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Brand Identity & Brand Image-What is the difference?

How do you differentiate between brand image and brand identity? If you work in the marketing function of your organisation, it is imperative for you to understand the actual difference that a Brand Identity holds from a Brand Image. So let's deep dive in

Brand identity refers to the visual and verbal elements that make up a brand, such as its name, logo, colours, and messaging. It is the foundation of a brand and represents the company's values and mission.

Brand image, on the other hand, is the perception of the brand in the minds of consumers. It is shaped by their experiences and interactions with the brand and can include things like reputation, customer service, and advertising.

Both brand identity and brand image are important for a company, but they serve different purposes. Brand identity helps a company establish its unique identity and communicate it to consumers, while brand image helps a company understand how it is perceived by consumers and make adjustments as needed.

Difference between Brand Image and Brand Identity- through an example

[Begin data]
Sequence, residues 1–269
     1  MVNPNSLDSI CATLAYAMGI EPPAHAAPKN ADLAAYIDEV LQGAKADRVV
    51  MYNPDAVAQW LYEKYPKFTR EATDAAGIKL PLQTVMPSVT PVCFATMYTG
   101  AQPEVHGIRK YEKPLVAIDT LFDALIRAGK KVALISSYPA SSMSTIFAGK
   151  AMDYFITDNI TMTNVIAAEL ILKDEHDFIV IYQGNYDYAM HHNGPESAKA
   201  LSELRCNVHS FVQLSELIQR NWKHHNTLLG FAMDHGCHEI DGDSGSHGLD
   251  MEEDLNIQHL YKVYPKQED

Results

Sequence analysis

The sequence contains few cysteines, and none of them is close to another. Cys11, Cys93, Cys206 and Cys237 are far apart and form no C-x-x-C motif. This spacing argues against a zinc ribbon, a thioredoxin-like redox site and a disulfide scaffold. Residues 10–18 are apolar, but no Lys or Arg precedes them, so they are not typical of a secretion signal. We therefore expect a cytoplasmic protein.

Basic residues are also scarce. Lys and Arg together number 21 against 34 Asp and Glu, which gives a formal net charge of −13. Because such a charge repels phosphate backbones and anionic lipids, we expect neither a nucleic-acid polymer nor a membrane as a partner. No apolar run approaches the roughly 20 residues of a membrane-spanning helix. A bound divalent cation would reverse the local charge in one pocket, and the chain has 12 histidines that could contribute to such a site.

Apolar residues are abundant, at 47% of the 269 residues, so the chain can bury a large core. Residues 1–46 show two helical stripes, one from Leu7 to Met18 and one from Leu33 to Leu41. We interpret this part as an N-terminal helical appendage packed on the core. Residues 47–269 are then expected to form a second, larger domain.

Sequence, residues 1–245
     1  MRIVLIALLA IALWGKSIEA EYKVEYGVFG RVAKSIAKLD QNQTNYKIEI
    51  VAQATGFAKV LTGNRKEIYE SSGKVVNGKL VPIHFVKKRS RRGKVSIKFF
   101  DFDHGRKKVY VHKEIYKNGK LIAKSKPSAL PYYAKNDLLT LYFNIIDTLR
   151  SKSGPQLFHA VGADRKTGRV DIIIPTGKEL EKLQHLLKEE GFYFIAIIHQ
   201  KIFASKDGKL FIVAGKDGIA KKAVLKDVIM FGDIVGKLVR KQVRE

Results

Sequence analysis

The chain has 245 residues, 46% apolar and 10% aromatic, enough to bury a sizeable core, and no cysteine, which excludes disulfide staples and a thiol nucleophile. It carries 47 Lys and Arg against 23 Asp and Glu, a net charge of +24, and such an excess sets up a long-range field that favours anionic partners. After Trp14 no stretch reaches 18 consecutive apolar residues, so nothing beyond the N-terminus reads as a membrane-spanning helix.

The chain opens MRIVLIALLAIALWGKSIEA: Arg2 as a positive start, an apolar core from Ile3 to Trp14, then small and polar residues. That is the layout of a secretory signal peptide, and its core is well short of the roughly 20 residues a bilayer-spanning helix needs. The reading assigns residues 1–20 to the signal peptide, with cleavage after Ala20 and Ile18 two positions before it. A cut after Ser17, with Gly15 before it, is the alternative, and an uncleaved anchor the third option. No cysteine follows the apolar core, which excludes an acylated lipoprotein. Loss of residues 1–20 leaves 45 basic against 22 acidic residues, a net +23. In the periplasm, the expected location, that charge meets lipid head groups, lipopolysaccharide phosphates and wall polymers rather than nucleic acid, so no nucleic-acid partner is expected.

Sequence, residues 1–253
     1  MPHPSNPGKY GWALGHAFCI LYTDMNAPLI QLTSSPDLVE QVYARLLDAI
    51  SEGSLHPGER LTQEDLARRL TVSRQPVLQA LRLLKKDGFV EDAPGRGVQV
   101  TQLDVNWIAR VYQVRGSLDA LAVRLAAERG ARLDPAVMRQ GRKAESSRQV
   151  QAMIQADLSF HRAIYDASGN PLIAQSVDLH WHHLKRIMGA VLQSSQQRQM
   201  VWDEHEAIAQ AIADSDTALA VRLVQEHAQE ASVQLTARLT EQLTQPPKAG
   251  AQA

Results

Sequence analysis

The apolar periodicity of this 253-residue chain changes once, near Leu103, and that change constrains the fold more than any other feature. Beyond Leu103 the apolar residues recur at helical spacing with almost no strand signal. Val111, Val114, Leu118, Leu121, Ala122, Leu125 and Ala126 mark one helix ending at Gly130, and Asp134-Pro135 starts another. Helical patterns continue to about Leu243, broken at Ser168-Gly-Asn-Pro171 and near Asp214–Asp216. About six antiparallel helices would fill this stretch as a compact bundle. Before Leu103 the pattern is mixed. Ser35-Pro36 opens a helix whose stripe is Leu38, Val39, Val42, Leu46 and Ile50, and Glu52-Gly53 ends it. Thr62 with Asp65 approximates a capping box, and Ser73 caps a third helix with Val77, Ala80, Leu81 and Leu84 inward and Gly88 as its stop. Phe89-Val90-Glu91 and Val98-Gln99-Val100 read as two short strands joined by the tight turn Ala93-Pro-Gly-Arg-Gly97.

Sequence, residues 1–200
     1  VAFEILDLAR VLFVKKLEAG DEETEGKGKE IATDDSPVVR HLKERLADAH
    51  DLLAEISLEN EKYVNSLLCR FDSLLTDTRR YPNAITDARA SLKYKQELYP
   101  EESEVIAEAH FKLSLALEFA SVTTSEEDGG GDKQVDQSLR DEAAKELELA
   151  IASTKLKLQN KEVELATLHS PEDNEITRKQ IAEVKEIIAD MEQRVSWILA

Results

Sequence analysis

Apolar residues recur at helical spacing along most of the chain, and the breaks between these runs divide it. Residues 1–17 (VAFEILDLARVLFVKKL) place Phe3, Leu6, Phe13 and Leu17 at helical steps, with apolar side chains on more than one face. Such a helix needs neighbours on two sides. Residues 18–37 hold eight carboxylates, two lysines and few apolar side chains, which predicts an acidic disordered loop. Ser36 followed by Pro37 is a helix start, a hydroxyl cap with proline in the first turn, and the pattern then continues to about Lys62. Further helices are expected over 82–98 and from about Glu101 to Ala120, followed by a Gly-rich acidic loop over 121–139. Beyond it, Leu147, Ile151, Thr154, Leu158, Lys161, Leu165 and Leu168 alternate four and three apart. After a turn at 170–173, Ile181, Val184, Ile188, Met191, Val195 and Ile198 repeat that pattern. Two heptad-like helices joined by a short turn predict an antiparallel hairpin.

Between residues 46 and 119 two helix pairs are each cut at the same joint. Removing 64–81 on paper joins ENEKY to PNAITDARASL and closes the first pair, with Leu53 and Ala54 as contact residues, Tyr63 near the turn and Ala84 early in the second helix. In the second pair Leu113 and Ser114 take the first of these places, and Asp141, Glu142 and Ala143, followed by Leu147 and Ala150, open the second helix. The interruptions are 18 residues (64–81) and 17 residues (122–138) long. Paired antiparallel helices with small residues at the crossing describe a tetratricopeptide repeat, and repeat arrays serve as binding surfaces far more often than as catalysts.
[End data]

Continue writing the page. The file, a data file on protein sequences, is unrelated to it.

An example of the difference between brand image and brand identity can be seen in the fast food industry. A fast food chain like McDonald's has a strong brand identity, with a recognizable golden arches logo, red and yellow colour scheme, and a consistent message of "I'm Lovin' It."

These elements make up the foundation of the brand and are used consistently across all of the company's locations and marketing materials.

However, the brand image of McDonald's may vary depending on the consumer's perception. Some may view McDonald's as a quick and convenient option for fast food, while others may view it as a lower-quality option with unhealthy food. This image may be shaped by personal experiences, advertising, and media coverage. McDonald's may use various marketing strategies and campaigns to improve their brand image and to change public opinion.

In summary, Brand identity is the company's self-representation and the way it wants to be perceived by the public, while a brand image is how the public actually perceives the company.

How did Kodak fail to identify the difference?

Kodak Company is one illustration of how strategic mistakes may be made when the difference between image and identity is not properly understood. As you probably remember, Kodak dominated its industry for practically the entire 20th century. Their brand promise was that their cameras would make it simple to record priceless experiences. To cement this promise in customers' minds, they came up with the term "Kodak moment."

Unfortunately for Kodak, the arrival of a radical breakthrough was eroding the relevance of its brand promise. By doing away with the need for film, digital cameras have simplified the process of "recording treasured moments" simpler.